I question Neil Young, Vice President and General Manager of Electronic Arts. He made a very business and corporate presentation during his keynote speech. He was a very energetic and bold personality which is not surprising considering his career standing. The man has signed deals with Spielburg for an example. He’s the definition of an industry big-shot and it showed. He talked a lot about the future of video games in the wake of next gen systems and critized some of the other Keynote speakers for pointing fingers. I felt that his speech was largely meant to sell EA to the development community as a company that cares about the future of games. I wouldn’t be surprised, however, if he knew nothing about the underlying theoretical concepts conveyed through much of the research me and Heeduk have done. Some of the other keynote speakers were much more impressive to me. Warren Spector, for one, is a character of smaller industry stature and he talked in a more down to earth tone. He’s been in the industry for somewhere around 20 years so it was very interesting to hear what the guy who did Wing Commander way way back thought about the Next Gen tsunami about to hit our continent.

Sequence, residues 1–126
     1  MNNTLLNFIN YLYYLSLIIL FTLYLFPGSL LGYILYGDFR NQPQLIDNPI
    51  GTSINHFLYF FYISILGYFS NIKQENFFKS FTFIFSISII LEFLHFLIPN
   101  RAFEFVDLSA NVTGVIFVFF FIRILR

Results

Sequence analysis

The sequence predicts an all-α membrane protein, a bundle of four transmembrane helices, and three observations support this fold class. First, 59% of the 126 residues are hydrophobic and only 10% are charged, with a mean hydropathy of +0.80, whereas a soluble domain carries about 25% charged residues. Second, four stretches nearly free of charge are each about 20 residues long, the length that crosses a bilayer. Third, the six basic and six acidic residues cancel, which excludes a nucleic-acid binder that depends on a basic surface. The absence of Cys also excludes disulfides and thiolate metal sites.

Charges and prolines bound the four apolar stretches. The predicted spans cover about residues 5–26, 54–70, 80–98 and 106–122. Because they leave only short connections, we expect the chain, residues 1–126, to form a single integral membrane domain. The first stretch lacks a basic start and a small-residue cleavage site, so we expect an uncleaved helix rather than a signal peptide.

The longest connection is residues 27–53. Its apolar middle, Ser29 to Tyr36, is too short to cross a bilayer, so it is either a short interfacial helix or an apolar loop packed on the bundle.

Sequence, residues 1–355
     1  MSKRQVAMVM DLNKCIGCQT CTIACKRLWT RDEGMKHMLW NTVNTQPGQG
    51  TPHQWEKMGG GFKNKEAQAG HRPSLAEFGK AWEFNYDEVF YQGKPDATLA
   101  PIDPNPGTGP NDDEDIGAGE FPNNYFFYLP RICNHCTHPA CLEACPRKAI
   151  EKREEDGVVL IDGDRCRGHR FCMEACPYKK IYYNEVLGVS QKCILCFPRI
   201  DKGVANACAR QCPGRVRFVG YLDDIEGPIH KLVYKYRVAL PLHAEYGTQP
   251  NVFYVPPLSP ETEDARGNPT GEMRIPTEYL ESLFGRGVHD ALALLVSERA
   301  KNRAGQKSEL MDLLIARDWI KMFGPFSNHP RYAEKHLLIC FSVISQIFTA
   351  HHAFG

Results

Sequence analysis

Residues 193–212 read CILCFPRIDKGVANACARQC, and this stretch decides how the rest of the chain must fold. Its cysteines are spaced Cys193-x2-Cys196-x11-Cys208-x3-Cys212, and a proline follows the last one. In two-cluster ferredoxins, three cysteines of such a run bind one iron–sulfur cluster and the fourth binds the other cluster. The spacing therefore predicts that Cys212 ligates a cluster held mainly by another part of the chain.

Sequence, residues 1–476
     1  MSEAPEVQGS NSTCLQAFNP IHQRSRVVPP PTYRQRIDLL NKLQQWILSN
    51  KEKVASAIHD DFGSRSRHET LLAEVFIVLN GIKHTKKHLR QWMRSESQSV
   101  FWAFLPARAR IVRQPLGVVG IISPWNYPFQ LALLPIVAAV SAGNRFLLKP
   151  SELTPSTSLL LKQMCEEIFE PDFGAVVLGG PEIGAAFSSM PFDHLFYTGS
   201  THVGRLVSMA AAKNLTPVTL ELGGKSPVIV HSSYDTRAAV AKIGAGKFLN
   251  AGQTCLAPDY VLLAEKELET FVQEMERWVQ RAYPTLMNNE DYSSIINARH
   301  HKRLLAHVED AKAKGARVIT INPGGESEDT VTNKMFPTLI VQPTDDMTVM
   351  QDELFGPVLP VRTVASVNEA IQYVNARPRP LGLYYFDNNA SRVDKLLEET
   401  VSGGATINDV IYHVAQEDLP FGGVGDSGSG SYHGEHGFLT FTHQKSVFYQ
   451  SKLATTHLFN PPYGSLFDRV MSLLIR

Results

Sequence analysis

Clint Hocking, creative director at Ubisoft, had some very interesting things to say during his lecture, “Next… The Game Designer’s Generation”. Clint talked about how the big name companies are spending all their time and money creating larger development teams for bigger-than-life games that will feature photo-realistic graphics. The question he raises is, “Is the industry ready for Next Gen?”. Support to development teams is much less now then it used to be. With every new system it becomes more and more difficult for developers to manage and train their teams to effectively produce quality games. As a result much of what has come out recently for the current generation of game systems has proven to be nearly satisfactory. Many of the games are simply sequels and clones of previous games. There isn’t a lot of room for innovation and creativity in the current industry when development teams are so large that it becomes hard to unify anything. Also there is almost no support for independant development teams which I hope to change in the future because it’s important, much like in film to have an independant presence under the treads of the major corporations.Montreal convention